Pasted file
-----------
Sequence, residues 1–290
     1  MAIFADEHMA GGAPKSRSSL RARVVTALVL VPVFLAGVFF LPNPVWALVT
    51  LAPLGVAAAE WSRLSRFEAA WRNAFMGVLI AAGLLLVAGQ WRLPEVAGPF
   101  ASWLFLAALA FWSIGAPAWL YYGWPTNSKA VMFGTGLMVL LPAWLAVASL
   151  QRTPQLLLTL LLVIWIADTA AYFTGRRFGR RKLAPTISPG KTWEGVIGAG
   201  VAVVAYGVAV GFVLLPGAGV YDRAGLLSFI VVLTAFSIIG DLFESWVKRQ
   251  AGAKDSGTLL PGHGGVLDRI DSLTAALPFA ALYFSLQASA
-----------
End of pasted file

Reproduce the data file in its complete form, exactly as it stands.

Sequence, residues 1–290
     1  MAIFADEHMA GGAPKSRSSL RARVVTALVL VPVFLAGVFF LPNPVWALVT
    51  LAPLGVAAAE WSRLSRFEAA WRNAFMGVLI AAGLLLVAGQ WRLPEVAGPF
   101  ASWLFLAALA FWSIGAPAWL YYGWPTNSKA VMFGTGLMVL LPAWLAVASL
   151  QRTPQLLLTL LLVIWIADTA AYFTGRRFGR RKLAPTISPG KTWEGVIGAG
   201  VAVVAYGVAV GFVLLPGAGV YDRAGLLSFI VVLTAFSIIG DLFESWVKRQ
   251  AGAKDSGTLL PGHGGVLDRI DSLTAALPFA ALYFSLQASA